A man who is 102-years old is the oldest person to have his DNA stored on the national database.
The 10 oldest people who are on file are all men: there are five 99-year-olds, three aged 100, a 101-year-old and the 102-year-old. According to the statistics, obtained from the National Policing Improvement Agency by The Independent, only four of the 10 men went on to be convicted of a crime after their DNA had been taken. The 102-year-old's identity and transgression have not been disclosed, but a separate table shows the man was 102 when his sample was taken and logged.
The 10 youngest records were all of 10-year-old boys, two of whom were innocent of any crime. Cases relating to another three are ongoing.
Campaigners said that keeping DNA records of very elderly people and young children shows that the database is expanding beyond its remit. "DNA profiles of small children and centenarians have no place on this database which is far more appropriate for dangerous, convicted criminals," said Isabella Sankey, the director of policy at Liberty, who called for a "more targeted, proportionate" system.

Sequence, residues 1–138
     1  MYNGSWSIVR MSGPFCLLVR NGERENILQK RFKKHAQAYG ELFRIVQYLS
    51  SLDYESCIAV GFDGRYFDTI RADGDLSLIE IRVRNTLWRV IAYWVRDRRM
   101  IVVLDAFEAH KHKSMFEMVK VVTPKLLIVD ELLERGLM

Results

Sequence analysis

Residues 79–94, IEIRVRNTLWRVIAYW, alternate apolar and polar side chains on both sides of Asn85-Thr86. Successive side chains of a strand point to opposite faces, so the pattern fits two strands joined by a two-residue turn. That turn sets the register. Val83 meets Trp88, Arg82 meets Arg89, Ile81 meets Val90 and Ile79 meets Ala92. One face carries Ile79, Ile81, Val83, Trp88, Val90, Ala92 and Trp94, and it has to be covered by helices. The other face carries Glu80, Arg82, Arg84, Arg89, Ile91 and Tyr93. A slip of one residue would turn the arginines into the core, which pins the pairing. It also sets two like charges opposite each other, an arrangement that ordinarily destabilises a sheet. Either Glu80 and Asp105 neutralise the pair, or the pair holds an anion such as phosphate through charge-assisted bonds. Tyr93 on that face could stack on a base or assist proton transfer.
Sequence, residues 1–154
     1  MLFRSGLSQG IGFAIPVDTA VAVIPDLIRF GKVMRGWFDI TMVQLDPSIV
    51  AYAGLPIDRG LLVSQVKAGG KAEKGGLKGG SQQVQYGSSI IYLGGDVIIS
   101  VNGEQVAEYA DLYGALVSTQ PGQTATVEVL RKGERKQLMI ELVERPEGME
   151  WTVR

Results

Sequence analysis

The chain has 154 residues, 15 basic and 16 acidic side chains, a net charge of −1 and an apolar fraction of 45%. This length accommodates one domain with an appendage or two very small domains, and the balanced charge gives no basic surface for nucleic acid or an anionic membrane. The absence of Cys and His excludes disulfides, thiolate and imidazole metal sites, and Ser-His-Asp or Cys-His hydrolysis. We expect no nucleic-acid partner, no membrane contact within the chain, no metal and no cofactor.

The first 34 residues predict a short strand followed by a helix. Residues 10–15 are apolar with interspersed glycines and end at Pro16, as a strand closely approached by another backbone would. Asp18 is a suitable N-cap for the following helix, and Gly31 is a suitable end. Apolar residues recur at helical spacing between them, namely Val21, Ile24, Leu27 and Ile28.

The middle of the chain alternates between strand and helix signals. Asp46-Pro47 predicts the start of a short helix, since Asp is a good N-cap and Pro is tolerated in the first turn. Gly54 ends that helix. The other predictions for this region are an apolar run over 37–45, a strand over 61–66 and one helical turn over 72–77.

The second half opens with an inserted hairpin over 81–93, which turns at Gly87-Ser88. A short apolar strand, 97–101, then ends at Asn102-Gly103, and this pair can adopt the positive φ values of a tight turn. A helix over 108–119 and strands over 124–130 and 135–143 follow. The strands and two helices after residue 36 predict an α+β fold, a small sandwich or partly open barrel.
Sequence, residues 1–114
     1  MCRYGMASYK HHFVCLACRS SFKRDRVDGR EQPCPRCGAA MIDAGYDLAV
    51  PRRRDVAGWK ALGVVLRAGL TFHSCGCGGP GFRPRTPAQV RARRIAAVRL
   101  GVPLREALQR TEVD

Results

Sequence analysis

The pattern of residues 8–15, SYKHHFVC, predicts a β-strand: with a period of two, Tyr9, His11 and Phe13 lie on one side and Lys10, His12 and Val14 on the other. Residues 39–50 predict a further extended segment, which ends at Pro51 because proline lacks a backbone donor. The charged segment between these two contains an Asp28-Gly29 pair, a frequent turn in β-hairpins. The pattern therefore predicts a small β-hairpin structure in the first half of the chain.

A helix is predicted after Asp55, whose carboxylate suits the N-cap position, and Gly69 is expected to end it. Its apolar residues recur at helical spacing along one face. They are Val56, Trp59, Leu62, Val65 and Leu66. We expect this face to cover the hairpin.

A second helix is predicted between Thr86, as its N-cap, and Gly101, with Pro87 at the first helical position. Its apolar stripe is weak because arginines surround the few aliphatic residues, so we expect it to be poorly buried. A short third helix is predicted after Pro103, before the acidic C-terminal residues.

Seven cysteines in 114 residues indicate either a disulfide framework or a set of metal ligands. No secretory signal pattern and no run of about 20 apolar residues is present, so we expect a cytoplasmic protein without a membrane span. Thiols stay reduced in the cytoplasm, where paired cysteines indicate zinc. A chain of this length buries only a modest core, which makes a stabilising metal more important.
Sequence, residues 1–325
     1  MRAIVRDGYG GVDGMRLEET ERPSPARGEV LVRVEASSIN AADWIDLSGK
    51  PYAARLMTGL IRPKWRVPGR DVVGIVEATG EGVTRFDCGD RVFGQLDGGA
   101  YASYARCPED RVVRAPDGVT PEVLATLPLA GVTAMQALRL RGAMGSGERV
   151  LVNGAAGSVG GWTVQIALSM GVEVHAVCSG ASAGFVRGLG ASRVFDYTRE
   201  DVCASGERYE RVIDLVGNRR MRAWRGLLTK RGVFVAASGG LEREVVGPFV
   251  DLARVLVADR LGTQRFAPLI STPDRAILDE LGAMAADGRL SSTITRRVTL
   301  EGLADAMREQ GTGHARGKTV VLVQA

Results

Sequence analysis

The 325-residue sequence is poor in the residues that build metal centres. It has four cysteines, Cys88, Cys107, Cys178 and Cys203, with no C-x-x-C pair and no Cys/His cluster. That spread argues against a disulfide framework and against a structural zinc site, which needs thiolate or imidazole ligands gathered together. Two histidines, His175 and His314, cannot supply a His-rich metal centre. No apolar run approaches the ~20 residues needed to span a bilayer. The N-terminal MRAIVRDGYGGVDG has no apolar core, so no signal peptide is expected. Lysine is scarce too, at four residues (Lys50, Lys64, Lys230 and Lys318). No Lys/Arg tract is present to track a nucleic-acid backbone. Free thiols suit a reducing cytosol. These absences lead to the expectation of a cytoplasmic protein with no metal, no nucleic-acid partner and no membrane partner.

The police agency said that some of the results could be from people providing a voluntary sample to be eliminated from an investigation. The details of the most elderly people comes after figures released last year showed that 40 pensioners are arrested in Britain every day.
More than 40,000 over-65s have been arrested since 2007. Most notoriously, a 71-year-old man was fined for rollerblading in Southport, and a 72-year-old man was wrongly arrested in Tyne and Wear by officers who thought he had stolen a bath plug from B&Q.
It is the first time an exact age has been given to the oldest person whose details are kept by police. The data, obtained through a Freedom of Information request, shows that the DNA of several 10-year-olds is also being retained. Last year, the then-Home Secretary Jacqui Smith told MPs that the oldest person was "over 90-years-old" but did not specify the exact age.